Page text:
In this Phase I and II SBIR funded project, our goal is to provide the government with a tool that takes a binary executable as input, and performs whole-program optimization to remove unnecessary bloat and unused functionality while preserving functionality.
The size and scale of computing systems has grown tremendously over the last few decades. Projects not only develop more code, but depend on a variety of third party libraries to execute. Unfortunately, many of the tools used in development, such as build systems, executable formats, and linkers are built on technology developed decades ago.
The goal of APTREE is to build a reoptimization tool,
reopt, which takes existing compiled binaries, along with platform-specific supporting libraries, and builds a reoptimized binary tailored for a particular platform.
reoptwill attempt to identify and strip out unused code at a fine grained-level, thus removing unneeded functionality that may contain security risks.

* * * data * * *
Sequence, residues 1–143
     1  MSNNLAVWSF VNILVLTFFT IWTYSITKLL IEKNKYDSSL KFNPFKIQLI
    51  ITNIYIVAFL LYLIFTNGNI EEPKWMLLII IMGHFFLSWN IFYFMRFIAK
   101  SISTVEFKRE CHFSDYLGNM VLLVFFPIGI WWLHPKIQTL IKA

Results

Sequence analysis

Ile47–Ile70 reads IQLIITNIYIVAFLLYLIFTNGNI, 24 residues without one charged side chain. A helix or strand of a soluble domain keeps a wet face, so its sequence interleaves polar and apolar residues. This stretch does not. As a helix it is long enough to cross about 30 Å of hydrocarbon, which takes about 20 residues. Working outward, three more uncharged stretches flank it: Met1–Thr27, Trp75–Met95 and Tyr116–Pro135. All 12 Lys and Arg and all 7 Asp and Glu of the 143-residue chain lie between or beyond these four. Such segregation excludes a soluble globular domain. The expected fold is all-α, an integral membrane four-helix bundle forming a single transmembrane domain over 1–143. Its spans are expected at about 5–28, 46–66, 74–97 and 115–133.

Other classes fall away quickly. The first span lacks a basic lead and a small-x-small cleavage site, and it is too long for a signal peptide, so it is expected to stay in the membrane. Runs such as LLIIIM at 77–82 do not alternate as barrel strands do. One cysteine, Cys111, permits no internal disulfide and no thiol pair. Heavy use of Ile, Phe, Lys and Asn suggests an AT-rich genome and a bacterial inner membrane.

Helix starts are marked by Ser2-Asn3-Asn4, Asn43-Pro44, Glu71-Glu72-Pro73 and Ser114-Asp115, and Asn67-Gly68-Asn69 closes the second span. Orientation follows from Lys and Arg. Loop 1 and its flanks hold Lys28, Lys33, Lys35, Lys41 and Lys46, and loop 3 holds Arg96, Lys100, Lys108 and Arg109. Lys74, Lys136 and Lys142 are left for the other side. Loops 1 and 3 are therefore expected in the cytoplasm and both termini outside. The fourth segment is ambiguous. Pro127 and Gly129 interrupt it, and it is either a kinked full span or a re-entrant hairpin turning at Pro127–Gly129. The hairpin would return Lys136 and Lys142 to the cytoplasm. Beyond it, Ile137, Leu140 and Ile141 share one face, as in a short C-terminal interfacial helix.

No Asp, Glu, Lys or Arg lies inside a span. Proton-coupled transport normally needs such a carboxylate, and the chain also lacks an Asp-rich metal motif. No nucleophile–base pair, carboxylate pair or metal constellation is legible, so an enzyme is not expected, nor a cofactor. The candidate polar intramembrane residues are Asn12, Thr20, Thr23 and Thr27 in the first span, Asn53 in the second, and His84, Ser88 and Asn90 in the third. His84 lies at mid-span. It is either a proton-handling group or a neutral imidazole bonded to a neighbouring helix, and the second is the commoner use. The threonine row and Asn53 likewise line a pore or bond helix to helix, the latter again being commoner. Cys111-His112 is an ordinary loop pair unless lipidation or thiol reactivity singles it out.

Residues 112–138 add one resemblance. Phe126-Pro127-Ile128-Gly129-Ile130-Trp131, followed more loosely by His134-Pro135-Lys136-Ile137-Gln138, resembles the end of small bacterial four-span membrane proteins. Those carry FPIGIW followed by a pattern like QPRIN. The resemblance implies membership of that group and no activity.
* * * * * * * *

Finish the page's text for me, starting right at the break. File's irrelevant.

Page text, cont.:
reoptwill also be designed to enable fixed addresses in binaries to be relocated, thus making it harder for adversaries to exploit fixed structures in the program.
reoptwill enable recent work in whole-program and inter-procedural optimization to be applied across library boundaries, enabling more efficient code by eliminating redundent operations.
Galois is working in conjunction with experts at SRI and Zephyr Software on
reopt. Once mature, Galois intends to make the binary analysis components of
reopt available as open source community.